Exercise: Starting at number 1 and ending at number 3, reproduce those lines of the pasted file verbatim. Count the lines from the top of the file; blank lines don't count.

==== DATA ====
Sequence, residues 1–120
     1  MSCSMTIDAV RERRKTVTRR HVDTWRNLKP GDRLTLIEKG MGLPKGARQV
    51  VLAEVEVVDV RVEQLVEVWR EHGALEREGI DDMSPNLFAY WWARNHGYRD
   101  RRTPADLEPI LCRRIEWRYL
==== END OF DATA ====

Sequence, residues 1–120
     1  MSCSMTIDAV RERRKTVTRR HVDTWRNLKP GDRLTLIEKG MGLPKGARQV
    51  VLAEVEVVDV RVEQLVEVWR EHGALEREGI DDMSPNLFAY WWARNHGYRD